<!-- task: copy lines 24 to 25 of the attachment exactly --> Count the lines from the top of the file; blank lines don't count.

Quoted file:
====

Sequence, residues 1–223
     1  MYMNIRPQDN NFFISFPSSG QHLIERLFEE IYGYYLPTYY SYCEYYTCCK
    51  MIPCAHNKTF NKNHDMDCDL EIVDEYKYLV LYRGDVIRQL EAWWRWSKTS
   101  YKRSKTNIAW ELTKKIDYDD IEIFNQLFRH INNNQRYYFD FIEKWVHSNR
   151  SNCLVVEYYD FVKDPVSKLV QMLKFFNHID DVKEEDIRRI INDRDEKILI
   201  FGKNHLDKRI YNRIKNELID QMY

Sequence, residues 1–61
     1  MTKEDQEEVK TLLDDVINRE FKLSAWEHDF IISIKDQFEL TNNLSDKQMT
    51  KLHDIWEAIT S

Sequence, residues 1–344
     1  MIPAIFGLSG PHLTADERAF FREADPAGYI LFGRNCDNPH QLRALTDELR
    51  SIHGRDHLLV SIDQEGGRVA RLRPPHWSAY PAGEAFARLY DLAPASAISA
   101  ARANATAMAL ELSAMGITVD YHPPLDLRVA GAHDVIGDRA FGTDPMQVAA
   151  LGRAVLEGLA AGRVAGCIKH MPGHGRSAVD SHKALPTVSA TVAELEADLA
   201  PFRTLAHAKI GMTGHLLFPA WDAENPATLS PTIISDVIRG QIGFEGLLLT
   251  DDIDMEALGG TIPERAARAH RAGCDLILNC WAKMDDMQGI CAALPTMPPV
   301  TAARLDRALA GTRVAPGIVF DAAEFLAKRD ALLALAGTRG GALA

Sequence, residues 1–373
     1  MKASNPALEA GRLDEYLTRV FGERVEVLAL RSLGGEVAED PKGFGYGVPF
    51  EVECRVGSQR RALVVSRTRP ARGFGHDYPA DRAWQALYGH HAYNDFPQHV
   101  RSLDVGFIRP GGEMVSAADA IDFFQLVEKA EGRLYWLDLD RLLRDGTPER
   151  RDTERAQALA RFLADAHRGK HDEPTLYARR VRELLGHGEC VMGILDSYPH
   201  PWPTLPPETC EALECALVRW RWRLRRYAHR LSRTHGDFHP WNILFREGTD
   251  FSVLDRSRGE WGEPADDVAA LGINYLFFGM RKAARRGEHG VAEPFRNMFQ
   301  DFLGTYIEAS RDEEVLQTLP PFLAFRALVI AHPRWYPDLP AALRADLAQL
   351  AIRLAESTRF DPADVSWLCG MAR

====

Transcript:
   251  FSVLDRSRGE WGEPADDVAA LGINYLFFGM RKAARRGEHG VAEPFRNMFQ
   301  DFLGTYIEAS RDEEVLQTLP PFLAFRALVI AHPRWYPDLP AALRADLAQL